It's Wednesday night and I'm going out for my first ever Greek dining experience in Sydney. I'm uber-excited to try Steki Taverna because I love Greek food. The evening pans out to be like an episode of a sitcom, which we shall call Four Guys, a Girl and a Greek Place.
My friend (let's dub him AA) is intent on helping me review this restaurant.
Apparently his way of reviewing a venue is through a numerical point system. He exclaims 'Minus one point' when one of our water glasses turns out to be chipped. Steki loses another point when one of our drinks orders (a glass of house red) is forgotten. The restaurant quickly regains two points when the house wine is upgraded to a nicer, more expensive wine to make up for the confusion. We're back to zero according to AA's value system.
After a moment of indecision we have the $33.50 set menu. There are a couple of other options - one around the $30 mark and the other around $40. Alternatively, you could just order a la carte.
The dip platter is great - you get taromasalata (caviar dip), tzatziki, barbecue octopus and lima beans baked with carrot, celery, tomato and herbs. Add to that warm bread rolls that are flashed in the oven, and we've got a dish that I could happily eat all night long.
Keftedes are meatballs in a tomato-based sauce served on a bed of rice. The meatballs are a bit spicy, and there's a salty tang from the feta that laces the sauce. Overall, it's a lovely dish - though I could have eaten this without the rice.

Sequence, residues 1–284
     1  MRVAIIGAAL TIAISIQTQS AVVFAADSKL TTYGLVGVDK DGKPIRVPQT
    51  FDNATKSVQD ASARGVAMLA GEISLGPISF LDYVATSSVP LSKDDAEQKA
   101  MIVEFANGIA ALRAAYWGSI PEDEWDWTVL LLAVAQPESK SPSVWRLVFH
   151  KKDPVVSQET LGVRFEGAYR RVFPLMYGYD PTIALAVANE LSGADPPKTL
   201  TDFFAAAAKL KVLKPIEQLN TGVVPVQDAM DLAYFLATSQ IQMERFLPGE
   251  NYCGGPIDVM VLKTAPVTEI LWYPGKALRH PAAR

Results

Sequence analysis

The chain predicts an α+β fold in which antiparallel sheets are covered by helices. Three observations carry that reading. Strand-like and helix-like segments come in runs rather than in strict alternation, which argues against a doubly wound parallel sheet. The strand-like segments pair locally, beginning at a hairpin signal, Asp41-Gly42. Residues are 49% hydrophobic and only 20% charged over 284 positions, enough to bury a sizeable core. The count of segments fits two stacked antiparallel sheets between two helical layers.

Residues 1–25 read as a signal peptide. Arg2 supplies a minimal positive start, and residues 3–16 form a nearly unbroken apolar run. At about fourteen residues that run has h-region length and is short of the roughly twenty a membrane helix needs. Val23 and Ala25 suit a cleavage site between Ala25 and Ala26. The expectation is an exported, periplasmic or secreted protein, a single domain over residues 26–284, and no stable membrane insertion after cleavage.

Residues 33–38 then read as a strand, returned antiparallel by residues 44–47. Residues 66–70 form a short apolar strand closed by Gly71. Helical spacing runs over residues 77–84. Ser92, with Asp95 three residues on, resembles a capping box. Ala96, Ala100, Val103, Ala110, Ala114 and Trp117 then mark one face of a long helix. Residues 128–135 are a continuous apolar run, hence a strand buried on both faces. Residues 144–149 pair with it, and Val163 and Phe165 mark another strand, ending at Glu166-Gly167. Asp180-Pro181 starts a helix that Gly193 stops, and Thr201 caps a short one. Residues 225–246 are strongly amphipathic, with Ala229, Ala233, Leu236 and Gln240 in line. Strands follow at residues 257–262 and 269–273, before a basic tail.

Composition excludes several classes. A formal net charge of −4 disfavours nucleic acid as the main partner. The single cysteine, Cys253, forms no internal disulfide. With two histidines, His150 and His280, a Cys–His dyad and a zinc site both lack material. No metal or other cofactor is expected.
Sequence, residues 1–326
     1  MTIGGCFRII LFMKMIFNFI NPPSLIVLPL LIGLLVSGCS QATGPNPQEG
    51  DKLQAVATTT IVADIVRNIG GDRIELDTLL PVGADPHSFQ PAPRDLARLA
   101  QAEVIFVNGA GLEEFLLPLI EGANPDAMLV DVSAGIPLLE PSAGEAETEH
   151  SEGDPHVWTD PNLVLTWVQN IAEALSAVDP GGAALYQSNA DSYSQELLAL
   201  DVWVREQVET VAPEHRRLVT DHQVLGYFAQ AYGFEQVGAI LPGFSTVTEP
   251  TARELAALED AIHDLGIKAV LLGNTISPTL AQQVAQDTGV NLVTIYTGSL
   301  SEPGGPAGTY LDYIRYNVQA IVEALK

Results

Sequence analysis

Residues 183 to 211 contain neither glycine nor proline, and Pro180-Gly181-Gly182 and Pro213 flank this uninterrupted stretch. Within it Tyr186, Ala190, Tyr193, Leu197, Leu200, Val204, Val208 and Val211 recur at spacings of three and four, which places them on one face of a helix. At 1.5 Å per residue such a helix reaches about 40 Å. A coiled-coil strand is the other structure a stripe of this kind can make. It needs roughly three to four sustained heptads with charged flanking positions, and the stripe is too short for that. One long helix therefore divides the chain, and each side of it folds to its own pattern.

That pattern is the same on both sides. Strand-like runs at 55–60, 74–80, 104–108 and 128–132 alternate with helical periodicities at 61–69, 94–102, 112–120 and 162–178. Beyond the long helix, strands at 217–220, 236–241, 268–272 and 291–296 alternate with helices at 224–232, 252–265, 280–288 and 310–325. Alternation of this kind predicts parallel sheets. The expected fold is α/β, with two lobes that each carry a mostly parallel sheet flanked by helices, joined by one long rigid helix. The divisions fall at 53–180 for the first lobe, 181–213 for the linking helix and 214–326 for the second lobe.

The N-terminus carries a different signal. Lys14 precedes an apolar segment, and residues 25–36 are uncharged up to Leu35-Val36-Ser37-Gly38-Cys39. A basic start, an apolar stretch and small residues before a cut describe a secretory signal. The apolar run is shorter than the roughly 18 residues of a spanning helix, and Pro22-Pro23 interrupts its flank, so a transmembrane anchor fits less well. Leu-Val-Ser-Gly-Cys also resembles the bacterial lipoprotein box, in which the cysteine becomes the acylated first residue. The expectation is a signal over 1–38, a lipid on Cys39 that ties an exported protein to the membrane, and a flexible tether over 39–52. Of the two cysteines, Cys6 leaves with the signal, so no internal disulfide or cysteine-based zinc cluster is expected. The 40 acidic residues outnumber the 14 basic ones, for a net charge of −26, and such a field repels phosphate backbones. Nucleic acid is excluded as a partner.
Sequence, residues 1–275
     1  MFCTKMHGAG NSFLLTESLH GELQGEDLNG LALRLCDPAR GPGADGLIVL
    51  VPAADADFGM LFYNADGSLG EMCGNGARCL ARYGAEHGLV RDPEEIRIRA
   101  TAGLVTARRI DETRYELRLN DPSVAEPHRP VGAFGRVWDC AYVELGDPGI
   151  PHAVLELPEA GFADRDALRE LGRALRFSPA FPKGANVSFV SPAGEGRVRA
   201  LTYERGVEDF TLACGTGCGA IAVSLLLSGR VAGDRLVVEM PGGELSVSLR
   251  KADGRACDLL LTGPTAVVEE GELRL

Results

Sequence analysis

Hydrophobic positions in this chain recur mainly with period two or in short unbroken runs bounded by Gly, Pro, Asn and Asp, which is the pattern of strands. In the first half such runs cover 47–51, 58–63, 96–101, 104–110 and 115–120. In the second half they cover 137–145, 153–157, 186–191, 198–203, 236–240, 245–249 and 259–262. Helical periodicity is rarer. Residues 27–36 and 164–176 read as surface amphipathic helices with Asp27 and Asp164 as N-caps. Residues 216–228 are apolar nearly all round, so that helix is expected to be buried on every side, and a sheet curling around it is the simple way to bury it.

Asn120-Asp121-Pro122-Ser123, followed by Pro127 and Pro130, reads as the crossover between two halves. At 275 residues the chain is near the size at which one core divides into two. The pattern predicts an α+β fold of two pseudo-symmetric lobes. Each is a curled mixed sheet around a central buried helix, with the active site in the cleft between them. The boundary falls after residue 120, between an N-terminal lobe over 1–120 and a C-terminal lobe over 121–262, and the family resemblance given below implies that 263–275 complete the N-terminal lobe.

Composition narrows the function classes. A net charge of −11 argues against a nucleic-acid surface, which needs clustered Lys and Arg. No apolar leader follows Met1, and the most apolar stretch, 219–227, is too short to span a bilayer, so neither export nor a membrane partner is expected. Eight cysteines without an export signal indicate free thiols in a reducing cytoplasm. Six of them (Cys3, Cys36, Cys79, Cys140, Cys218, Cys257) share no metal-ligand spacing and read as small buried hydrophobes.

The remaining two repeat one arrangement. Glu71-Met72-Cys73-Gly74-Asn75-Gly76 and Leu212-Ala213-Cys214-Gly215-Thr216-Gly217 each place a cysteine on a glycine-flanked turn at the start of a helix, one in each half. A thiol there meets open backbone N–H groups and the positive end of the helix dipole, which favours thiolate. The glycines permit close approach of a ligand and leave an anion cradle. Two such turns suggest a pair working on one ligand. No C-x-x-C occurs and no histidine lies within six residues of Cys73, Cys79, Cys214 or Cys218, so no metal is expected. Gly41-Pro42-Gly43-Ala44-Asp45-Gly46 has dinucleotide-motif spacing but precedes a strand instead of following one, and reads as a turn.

The last dish of the night is the slow-baked lamb with onion, garlic and bay leaves, lightly barbecued and basted with lemon and olive oil. Even though the lamb is a bit too salty and the accompanying potatoes a bit too lemony, it's still a heck of a dish. The lamb is cooked to melt-in-your-mouth greatness.
A lovely surprise greets us at the end: a plate of baklava on the house (they definitely gain plus points here). There are also a few crumbly cookies thrown in for good measure. I actually like these more than the baklava - they're cinnamony in just the right way, so much so that they remind me of Christmas. One of the guys proclaims it it's like a crunchy custard (to which I can only shake my head in dismay - I can't imagine how custard could ever be crunchy).
AA then asks whether baklava is like Turkish delight, at which point I decide I'm never going out for dinner with these guys ever again (I'm joking, boys).
I think AA would agree that Steki has come out of this alive and well above the zero mark. For $33.50 I think this great little taverna is offering a set menu that will please most people.